How an 81-year-old woman escaped Hamas on October 7

Jacqueline Glicksman jumped out of her window and ‘ran like mad’ when terrorists broke into her house in Kibbutz Ein Hashlosha.

By Batya Jerenberg, World Israel News

Old age is not necessarily a factor when one’s life is on the line, although it certainly helps to be relatively fit, 81-year-old Jacqueline Glicksman found out on October 7 when she escaped from Hamas terrorists who invaded her home in Kibbutz Ein Hashlosha.

When the rocket alert sirens went off early in the morning, she entered her safe room, she said in an interview from the hotel in Eilat where she had been evacuated, as part of a collection of testimonies by survivors that is being collected for posterity.

At first thinking this was just an “ordinary” aerial attack like the kind she had been through many times before on her Gazan envelope kibbutz where she has lived for 45 years, she went half an hour later to the kitchen to get some breakfast.

Then things changed.

“My son called from America, and while I was talking to him, I said, ‘Gabi, I hear “Allahu akbar” outside [God is great, in Arabic]. He told me to close all the lights, put the phone on silent and stay quiet.”

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She sat on her bed while hearing many loud noises, and thought that perhaps the IDF had come. Suddenly, an armed terrorist opened her door, put a finger to his lips, and questioned in a motion whether she had a gun. She motioned back that she didn’t. He then took her phone and Tablet and left, closing the door after him.

Three other men – “civilians,” she emphasized, “they weren’t armed” – then broke her window, and demanded money. When she put her empty hands up in a shrug, she said, “They motioned as if to say, ‘Ah, she isn’t worth it,’ and left.”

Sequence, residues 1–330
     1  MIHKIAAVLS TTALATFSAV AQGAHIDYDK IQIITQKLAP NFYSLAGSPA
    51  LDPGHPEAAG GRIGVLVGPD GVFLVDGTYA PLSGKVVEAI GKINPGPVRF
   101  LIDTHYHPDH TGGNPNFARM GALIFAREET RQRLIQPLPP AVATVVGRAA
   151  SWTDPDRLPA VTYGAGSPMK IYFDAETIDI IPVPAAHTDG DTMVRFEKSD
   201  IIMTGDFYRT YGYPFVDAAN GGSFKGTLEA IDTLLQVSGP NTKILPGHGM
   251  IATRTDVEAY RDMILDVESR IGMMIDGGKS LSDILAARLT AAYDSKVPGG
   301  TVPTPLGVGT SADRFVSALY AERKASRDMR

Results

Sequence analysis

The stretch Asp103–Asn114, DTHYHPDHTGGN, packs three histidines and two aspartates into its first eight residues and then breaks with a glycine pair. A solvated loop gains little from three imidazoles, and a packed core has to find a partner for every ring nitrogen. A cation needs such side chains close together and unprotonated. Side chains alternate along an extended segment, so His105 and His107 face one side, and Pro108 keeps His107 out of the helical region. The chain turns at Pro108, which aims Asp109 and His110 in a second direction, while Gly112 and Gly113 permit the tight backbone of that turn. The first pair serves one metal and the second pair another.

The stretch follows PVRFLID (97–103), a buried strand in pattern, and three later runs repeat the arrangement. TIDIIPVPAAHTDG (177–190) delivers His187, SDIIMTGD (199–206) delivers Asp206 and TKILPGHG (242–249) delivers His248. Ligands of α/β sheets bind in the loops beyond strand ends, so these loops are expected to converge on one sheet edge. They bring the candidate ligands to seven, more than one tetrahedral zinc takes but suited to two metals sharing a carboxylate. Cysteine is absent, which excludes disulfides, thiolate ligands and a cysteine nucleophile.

Soon she heard people scattering something that sounded  like grains of sand on the other side of the door of her safe room. “I said to myself, ‘This is it, it’s either now or never,’ because I figured they were not sprinkling candies about. I climbed onto the dresser and jumped out of the window. In my pajamas.”

She ran, barefoot, “at least a kilometer and a half…like a madwoman, trembling from head to toe” to the secretariat, where she saw the kibbutz’s security coordinator dead on the ground. She ran on, seeing houses on fire, and started knocking on doors while calling out “Is anyone here?” Finally someone heard her and whisked her inside to their own safe room, where they stayed until the army came. They were evacuated the next day, when the soldiers could ensure their safety.

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The mother of three, grandmother of six and great-grandmother of two left with nothing, with borrowed clothes on her back. Her house was burned to the ground.

She knows she was very lucky, though.

Looking back, she said, “It’s really impossible that I’m still alive because I could have met – I didn’t even think of it then – terrorists on the way. And they were there, they were going around the whole kibbutz. They murdered four people.”

“It was hard,” she admitted in a separate interview of her escape from death. “Very hard.” But she also laughed, sharing that her grandson had told his friends her story and one of them said, “Your grandma is a ninja!”